Therefore the serialization/deserialization library must either generate the type resolvers + formatters ahead of time (AOT), or simply work without referencing the System.Reflection.Emit library.

With the small setback, I attempted to generate the resolvers and formatters ahead of time. It would require our development teams to have to modify their build processes slightly and they would need to remember to generate the resolvers and formatters in advance, but seemed like a small cost for the benefits we could gain in our network handling performance.

Unfortunately Jil neither worked with IL2CPP, nor did it offer an AOT compilation option, rendering it unfortunately unsuitable for the benchmarks. Given that it also didn’t appear to support generics, I decided that it wasn’t worth pursuing further unless the other alternatives proved fruitless also.

I was able to generate the code for messagepack and Utf8Json ahead of time, but in doing so, I realised that Msgpack would require a lot of engineering time to get working, despite its high performance. Our games use a very high number of different types of objects in their networking communication and having to manually add key attributes to all the types and custom serialisation/deserialisation logic to the more complex types would cause a significant amount of work for the teams. Msgpack also lacked human readability, which I ideally wanted to maintain

Utf8Json supported most of the requirements for complex types, but lacked the ability to generate code for generics with constraints. Fortunately the code was open source, quite easy to extend and very quick to build and test. I branched the git repository and added the following functionality to Utf8Json:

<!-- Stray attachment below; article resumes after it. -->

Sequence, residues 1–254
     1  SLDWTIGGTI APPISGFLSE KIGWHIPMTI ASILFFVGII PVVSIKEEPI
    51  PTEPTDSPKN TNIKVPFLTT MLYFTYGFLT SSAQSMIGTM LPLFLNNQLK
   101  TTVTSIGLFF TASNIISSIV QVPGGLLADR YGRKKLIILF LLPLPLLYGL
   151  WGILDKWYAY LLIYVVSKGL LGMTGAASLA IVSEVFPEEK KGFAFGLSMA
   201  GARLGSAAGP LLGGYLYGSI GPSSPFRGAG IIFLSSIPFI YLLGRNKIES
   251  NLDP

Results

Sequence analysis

1. Detection for specific attributes on a type eg. [HutchAOTSerialisable] or [HutchAOTDeserialisable] to mark the object type for the ahead-of-time generation of formatters and resolvers respectively.

  2. Support for generics with constraints.

The code generation would detect generic types and find the type of object within the generic and all the possible base types of that class and generate all possible resolvers.

In the situation where a type contained multiple generics, the code generation would build a matrix of all possible combinations and build all relevant resolvers or formatters.

After this was done, with plenty of testing, I finally managed to build the benchmarks to device and test.

The Results

These results are for a benchmark which serialises and deserialises a complex benchmark object 10,000 times. The code for the serialisation benchmark is below. It uses a random seed to ensure that objects are different each request and no caching happens (just in case some of the libraries did some clever optimisation).

And now for the big reveal, the results:

Memory allocation was reduced from 248.3MB to 31MB. A reduction of 87.5%.

Processing time was reduced from 6845ms to 858ms. A reduction of 87.4%.

Incredibly promising results, all that was left to do was to implement it in a Hutch game.

As I mentioned earlier, in one of our games a single particularly heavy network request that happened as part of the boot process was taking 1295ms and allocating 13.6mb of unnecessary memory. After implementing our new Utf8Json serialisation, the same request took 315ms and allocated only 1.3mb! The boot flow actually sends several requests, with each one showing similar performance gains.

This seemingly small change saved over a second of loading screen for every user who booted our app. Across a whole session we probably saved upwards of 20 seconds of processing time and allocated over 100MB less memory. We didn’t lose readability of our JSON data, we didn’t create any server engineering work, the client workflow is largely the same and it supports all the complex types we need.